Jaun Elia was a Pakistani Urdu poet, philosopher, biographer, and scholar. He is one of the prominent modern Urdu poets of Pakistan. He is also one of the most googled Pakistani poets.
Jaun Elia was born as ‘Syed Sibt-e-Asghar Naqvi’ on Monday, 14 December 1931 (age 70 years; at the time of death) in Amroha, British India (now in Uttar Pradesh, India). His zodiac sign in Saggitarius. He studied Persian and Arabic from Darul Uloom Syed Ul Madaris in Amroha, a madrasa associated with Darul Uloom Deoband, an Islamic university in Uttar Pradesh.
Despite his resistance to leave, in 1957, he had to migrate to Pakistan, where he settled in Karachi.
Eye Colour: Black
Hair Colour: Black
Family & Caste
He belonged to the Shia community of Muslims. However, he is not a believer of sect or religion, instead, he identified himself as an agnostic. The Nation
Parents & Siblings
His father, Allama Shafique Hassan Elia was a scholar of literature and astronomy and had a good diction in Arabic, Persian, Hebrew, and Sanskrit languages. He was the youngest of his siblings; his brothers, Rais Amrohvi and Syed Muhammad Taqi were journalist and psychoanalysts. He also had a brother named Mohammad Abbas, and a sister named Sayyada Shahezanan Najafi Naqvi.
Wife & Children
He got married to Zahida Hina, a renowned story writer and columnist in 1970, and they both got divorced in 1992.
He has three children, Zeryoun Elia, Fainaana Farnaam, and Sohaina Elia.
He began writing poems at the age of 8. In 1958, he was writing for ‘Insha,’ a magazine which was edited by his brother Rais; he used to write editorials for the magazine. He later worked for ‘Suspense’ Digest. His first collection of poems “Shayad” was published in 1991, when he was 60 years old.
The second collection of his poem ‘Ya’ani’ was published posthumously in 2003. Later, his companion Khalid Ansari published his collection of poems, ‘Guman’ in 2004, ‘Lekin’ in 2006, and ‘Goya’ in 2008. His popular works included-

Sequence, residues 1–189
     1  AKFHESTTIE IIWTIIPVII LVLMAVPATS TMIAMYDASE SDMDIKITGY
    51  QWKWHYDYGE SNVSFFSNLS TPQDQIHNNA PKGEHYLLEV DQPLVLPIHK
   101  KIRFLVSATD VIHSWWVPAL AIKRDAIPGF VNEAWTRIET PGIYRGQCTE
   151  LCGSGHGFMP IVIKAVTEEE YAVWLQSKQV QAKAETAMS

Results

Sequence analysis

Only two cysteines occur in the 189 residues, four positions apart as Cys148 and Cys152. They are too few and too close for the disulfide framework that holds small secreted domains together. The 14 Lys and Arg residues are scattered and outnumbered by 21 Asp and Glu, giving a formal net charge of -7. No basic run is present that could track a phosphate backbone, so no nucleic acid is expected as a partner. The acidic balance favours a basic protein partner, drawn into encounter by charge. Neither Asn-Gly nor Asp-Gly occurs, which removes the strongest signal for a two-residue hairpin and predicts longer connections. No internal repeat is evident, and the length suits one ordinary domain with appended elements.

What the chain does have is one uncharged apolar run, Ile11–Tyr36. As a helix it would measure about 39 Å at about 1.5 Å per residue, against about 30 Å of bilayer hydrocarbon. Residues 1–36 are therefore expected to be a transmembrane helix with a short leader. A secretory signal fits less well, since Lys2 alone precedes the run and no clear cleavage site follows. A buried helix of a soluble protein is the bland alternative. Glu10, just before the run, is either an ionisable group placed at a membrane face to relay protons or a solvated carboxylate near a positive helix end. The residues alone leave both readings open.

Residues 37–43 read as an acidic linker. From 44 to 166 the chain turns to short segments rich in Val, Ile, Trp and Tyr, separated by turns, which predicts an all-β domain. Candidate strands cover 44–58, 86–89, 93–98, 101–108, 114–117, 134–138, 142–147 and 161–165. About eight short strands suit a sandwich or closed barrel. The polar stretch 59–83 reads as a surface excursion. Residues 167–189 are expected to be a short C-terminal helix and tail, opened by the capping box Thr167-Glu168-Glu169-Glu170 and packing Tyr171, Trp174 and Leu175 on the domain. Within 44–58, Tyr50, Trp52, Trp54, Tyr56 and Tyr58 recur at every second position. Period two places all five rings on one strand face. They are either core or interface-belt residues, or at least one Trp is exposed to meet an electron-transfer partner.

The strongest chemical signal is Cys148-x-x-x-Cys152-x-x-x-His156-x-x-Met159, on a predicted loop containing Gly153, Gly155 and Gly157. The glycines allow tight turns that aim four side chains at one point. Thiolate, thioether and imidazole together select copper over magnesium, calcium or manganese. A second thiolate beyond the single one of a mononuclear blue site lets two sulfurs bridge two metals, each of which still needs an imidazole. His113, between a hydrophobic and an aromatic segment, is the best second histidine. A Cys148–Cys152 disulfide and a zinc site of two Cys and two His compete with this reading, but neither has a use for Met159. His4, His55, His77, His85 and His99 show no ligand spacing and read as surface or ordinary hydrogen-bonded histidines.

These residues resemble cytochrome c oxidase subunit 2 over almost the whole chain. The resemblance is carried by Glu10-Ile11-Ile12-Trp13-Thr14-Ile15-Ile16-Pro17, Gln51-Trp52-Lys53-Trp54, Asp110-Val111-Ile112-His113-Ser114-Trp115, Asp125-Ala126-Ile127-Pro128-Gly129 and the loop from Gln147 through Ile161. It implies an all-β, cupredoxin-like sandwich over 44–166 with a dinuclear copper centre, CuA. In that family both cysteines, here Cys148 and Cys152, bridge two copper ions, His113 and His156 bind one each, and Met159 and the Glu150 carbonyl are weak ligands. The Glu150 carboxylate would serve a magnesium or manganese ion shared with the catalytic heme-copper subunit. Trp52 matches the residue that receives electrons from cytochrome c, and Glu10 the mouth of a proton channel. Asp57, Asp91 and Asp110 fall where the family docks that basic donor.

- Sukhan Meri Udasi Hai
- Zakham e Umeed
- Tumharey Aur Mere Darmiyan
- Daricha Haye Kheyal
- Jaun Elia Ki Tamam Ghazlain (parts I-III)
- Inshaye aur Mazaameen
- Farnood (Essay and Editorials by Jaun Elia)
He was also an editor with Ismaili Tariqah and Religious Education Board in Karachi, Sindh, Pakistan. He has translated various Mautazalite treatises, a book on 12th century Fatimid revolutionary Hassan Bin Sabbah, and various text of Ismaili sect in Islam in Urdu language and literature. He has not only translated books but has also introduced new words in Urdu. His translations and proses can be found at Ismaili Tariqah Board libraries in Karachi. Some of his translation works are-
- Masih-i-Baghdad Hallaj
- Hasan bin Sabah
- Rasail Ikhwan al Safa
At the age of 70, he died of tuberculosis in Karachi on Friday, 8 November 2002. His body lay at Sakhi Hasan Graveyard. His Namaz-i-Janaza was offered at Masjid Khairul Amal in Ancholi after Zuhr prayers. His grave reads-
Main bhi bahut ajeeb hun, itna ajeeb hun ki bas
Khud ko tabah kar liya aur malaal bhi nahin”
[Translation: I’m very strange, so strange that
I ravaged myself and have no regrets]
- Food: Hari Mirch Keema, Samosa
- Poet: Mir Taqi Mir
- His father was correspondent with scholars and scientists including Bertrand Russell at the Royal Observatory in Greenwich, England.
- His cousin, Kamal Amrohi (born Syed Amir Haider) is a veteran Indian filmmaker. His film includes Mahal (1949), Pakeezah (1972), and Razia Sultan (1983).
- In his life, he obtained the knowledge of philosophy, logic, Islamic history, the Muslim Sufi tradition, Muslim religious sciences, Western literature, and Kabbala. Jaun was well-versed in English, Persian, Hebrew, Sanskrit, Arabic, and Urdu.
- His views on religion can be explained with his conversation with poet and close friend, Mir Zafar Hassan,
My dear Mir Zafar Hasan, you’re one lucky person. You are an exceptionally good poet and at the same time you’re extremely fortunate. You are Mir, but you can be Zafar, and you can also be Hassan whenever you feel the need for it. You can be a Sunni, and you can turn into a Shia if you so desire. But I, Jaun Elia, despite being an agnostic, will always be a Syed. Isn’t it sad?”
- He was friends with the modern Pakistani poets such as Mir Zafar Hassan and Obaidullah Aleem.
- Talking about his political views, he identified himself as a Marxist, nihilist, and anarchist. The Nation
- For his literary work, he has received Presidential Pride of Performance Award.
- His poetry often expresses pain and sorrow and love from a different angle. He is known as the poet of pain and sorrow. It is believed that his sadness comes from his separation from ‘Fariya Nigarina,’ a girl in Amroha whom he loved. He has also made a poem on the girl. However, many believe that the word ‘Fariya’ implies ‘happy’ in the poem. Some believe his unending pain, is from separation from his village ‘Amroha’ and separation from his wife.
- He was also a heavy drinker and smoker.
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